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An English botafumeiro


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I've just finished reading a history by Eamon Duffy of the Catholic Church in England before and during the English Reformation. I was surprised to read this.
"At Whitsun at St Paul's, where the clergy had hidden the image of the Virgin to protect her from the iconoclasts, English versions of matins, Mass, and evensong came into use. The reformers also abolished one of the most distinctive of the cathedral's symbolic observances. It had been the custom at Whitsun for a great censer, emitting clouds of sweet smoke and sparks, to be swung from the roof of St Paul's, and for doves to be released, re-enacting the descent of the Holy Ghost on the Apostles. Such gestures had no place in the world of the reformers, dominated as that was by texts, and this “sensyng of Powlles” was now suppressed."
I wonder how the congregation reacted.
(The St Paul's mentioned is the old gothic cathedral destroyed in the Great Fire of 1666.)


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I've just come across a post by TerryB from 2015 mentioning the same thing but with more detail. He wrote:
"In my recent reading I came across a quote mentioning a "great censer" in Old St. Paul's Cathedral, London before the English Reformation. I dug around on the web and found the following in "Plays of Our Forefathers and Some of the Traditions Upon Which They Were Founded" By Charles Mills Gayley 1907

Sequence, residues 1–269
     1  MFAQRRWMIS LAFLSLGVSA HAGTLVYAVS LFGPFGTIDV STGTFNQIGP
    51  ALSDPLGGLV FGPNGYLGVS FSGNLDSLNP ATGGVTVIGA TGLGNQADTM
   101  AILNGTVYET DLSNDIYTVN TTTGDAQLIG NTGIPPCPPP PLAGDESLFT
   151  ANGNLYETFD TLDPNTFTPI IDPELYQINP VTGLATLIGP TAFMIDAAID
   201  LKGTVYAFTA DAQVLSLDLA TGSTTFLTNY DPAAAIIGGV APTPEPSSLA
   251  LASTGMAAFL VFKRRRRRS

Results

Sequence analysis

. . . . . and ten days later the gospel of Whitsunday would suggest, as it still does in Florence and many another Italian town, the representation of the descent of the Holy Ghost. ...We read that in the middle of the sixteenth century at Whitsuntide in (Old) St. Paul's Cathedral they still symbolised the marvel . . . "by letting a white pigeon fly out of a hole in the midst of the roof of the great aisle. The pigeon, with a long censer which came down from the same place almost to the ground, was swung up and down at such a length that it reached with one sweep almost to the west gate of the church, and with the other to the choir stairs; the censer breathing out over the church and the assembled multitude a most pleasant perfume from the sweet things burnt within it."
(the quote is from from Hone's Ancient Mysteries c. 1570)

It would seem that in mediaeval times, Santiago de Compostela was not the only church / cathedral with a great censer. Has anyone else come across other examples?

Tio Tel"

(Sorry, but I don't know how to direct people straight to another thread).
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